Sweet Pizza

Historical Fiction, KidLitReaders, Shorter Novels / Sunday, July 3rd, 2016


Every month, over on Twitter I help run and join in a monthly online book chat called @KidLitReaders We read a book, and then on a named Sunday get together at 8pm on #KidLitReaders and chat away about it. It’s great fun and a great way to explore the best of recent children’s lit.

For June 2016 we chose the book Sweet Pizza, written by G. R. Gemin, published by Nosy Crow Books.

Sweet Pizza focuses on an Italian cafe in a small village in South Wales. Young Joe, loves his Italian heritage the music, the language and most of all the food! Joe’s Mum is tired of running their failing cafe, but Joe is not prepared to let this family business close. So, inspired by the story of his family during the war, he works to save the cafe. Along the way Joe manages to inject a little Italian joy into the lives of all in the village.

This book is, in one word, a joy. Packed full of wonderful and varied characters. One of the many things I absolutely loved about this book was the fact that every character had good in them. Yes there are bullies in the story, and people who maybe don’t make the best of choices, but each and every one is redeemed. We see that despite wrong decisions, or bad behaviour there can be good in everyone and the lovely young Joe is the boy to recognise this with the help of his Granddad, Nonno. It’s such a bright and uplifting message.

Joe is not your ordinary hero. Last month I wrote on Twitter that I wanted to see more overweight children represented in a positive light in books. So many children’s books I have read recently have overweight children as either the “bad guys” or they are poked fun at. It’s rare they are the hero. Well, in response to my plea Mr Gemin replied and pointed me in the direction of Joe from Sweet Pizza. Although, coincidentally we had already selected Sweet Pizza as our book group read, I hadn’t yet started it.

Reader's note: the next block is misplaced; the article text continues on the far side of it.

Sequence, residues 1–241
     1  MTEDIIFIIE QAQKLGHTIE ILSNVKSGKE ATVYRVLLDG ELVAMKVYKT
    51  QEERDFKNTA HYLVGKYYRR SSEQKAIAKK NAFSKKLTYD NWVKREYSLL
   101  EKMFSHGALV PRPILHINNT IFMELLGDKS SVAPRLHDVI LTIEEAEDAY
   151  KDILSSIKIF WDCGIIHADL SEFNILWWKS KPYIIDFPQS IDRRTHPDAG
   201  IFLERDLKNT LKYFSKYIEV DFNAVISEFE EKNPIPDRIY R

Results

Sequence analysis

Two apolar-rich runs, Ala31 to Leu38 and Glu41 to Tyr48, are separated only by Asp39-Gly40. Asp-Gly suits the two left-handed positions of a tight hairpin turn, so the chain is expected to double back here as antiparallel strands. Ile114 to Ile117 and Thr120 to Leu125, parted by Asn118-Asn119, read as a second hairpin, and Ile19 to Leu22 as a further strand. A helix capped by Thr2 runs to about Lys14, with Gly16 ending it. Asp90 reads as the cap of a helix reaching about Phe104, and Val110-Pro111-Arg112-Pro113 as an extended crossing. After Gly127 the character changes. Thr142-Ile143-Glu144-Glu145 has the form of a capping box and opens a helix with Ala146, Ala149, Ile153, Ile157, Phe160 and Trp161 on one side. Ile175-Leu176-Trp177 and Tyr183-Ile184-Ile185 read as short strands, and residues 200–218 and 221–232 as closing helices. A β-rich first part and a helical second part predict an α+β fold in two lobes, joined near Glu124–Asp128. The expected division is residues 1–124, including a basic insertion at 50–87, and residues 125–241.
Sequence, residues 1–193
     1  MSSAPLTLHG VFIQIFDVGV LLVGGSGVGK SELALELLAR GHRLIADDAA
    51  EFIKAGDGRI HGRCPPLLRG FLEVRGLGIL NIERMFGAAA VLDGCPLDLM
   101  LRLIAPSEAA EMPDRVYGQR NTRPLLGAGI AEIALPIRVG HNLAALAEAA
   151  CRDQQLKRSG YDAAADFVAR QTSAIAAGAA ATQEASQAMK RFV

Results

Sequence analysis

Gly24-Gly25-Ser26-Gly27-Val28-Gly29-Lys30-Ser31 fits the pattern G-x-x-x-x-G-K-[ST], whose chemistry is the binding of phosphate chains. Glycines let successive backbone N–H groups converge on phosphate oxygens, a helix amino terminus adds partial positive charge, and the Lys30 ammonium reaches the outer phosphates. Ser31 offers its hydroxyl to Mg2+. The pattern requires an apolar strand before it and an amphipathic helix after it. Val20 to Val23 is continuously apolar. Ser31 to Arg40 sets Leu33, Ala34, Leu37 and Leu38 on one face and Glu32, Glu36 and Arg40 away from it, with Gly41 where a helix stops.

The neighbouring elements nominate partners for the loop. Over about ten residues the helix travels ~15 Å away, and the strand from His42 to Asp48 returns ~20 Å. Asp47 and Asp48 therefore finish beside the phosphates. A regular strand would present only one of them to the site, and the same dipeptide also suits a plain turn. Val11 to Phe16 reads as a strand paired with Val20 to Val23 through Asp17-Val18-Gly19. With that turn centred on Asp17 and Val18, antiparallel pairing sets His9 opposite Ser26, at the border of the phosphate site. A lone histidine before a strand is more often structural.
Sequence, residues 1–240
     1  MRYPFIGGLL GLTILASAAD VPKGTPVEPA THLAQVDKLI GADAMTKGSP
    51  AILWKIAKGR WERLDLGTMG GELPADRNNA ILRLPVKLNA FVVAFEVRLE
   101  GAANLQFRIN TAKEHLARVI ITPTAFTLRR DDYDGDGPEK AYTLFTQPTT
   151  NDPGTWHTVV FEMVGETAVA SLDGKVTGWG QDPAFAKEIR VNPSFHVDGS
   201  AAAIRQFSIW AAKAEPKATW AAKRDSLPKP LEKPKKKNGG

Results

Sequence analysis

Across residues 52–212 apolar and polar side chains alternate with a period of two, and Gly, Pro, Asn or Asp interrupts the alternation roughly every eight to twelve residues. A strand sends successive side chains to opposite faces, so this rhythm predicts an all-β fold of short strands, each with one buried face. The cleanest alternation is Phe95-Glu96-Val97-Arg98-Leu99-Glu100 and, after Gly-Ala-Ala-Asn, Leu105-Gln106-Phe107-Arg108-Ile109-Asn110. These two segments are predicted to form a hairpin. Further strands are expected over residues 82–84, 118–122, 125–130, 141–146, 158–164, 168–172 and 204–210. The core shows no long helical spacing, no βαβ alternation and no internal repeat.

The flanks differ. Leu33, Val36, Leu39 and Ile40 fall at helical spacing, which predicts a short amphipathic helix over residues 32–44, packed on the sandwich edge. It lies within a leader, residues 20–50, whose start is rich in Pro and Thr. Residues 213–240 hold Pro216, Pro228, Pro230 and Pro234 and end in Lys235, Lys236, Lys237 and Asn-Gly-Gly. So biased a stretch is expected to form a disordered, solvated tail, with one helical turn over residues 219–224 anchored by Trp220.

Well, I have to just applaud G. R. Gemin for his creation of Joe. He’s intelligent, lively, enthusiastic, kind and talented. All of the wonderful! He is also overweight. This isn’t a huge focus of the book, it is gently and sensitively referred to so that you are made aware of his size, but it in NO way defines Joe! It’s wonderfully done, and I thank the author for this. I love that Joe is not a typical young boy. He enjoys opera, cooking and his Italian heritage. He’s an absolute joy.

Sweet Pizza is an incredibly quick read. Don’t think that it’s light and lacking depth though, it most certainly isn’t. The bulk of the text is dialogue which makes it fast to read through. I loved this. It made the story feel intimate. I felt like I was sat in the corner of the room watching this wonderful family live their life. I understood and grew to love every character in the story. This has been perfectly done.

At the end of the book are a couple of little additions. Some information about the World War 2 references, explaining the true story behind the book, a wonderful section on appreciating opera, and finally a couple of recipes. Lovely stuff!

This book could not have really come at a better time. As we break away from the EU and so many europeans are now feeling isolated and vulnerable, this book embraces immigration, embraces the mix of nationalities within the United Kingdom. Something which makes our continent such a diverse and wonderful place to live. Sweet Pizza is a glorious and heartfelt celebration of that.

I honestly can’t find fault with this gorgeous book. It will make you smile, it will make you laugh, it will also make you cry.  It’s an emotional roller coaster which has clearly been incredibly well researched and is full of all the joys of Wales and Italy, communities, family and friendship.

The author G. R. Gemin can be found wandering round Twitter here:
– @grgemin

And you can read the #KidLitReaders Sweet Pizza chat here:
Storify – Sweet Pizza

Thank you for reading this Book Monster review.


2 thoughts on “Sweet Pizza

  1. Thanks very much, Ally. Glad you mentioned Joe’s weight “problem”. It would have been all too easy to have Joe go on a diet (apart from the imposed one) and attempt to change his appearance. It was never about that. Joe will always be tempted by a can of coke and chicken and chips – aren’t we all?

    1. Thank you so much for your lovely comment. I think it’s wonderful that you included this aspect of Joe, but didn’t make it something he had to change. This whole book is a celebration of loving ourselves just as we are. I loved that about it. 🙂

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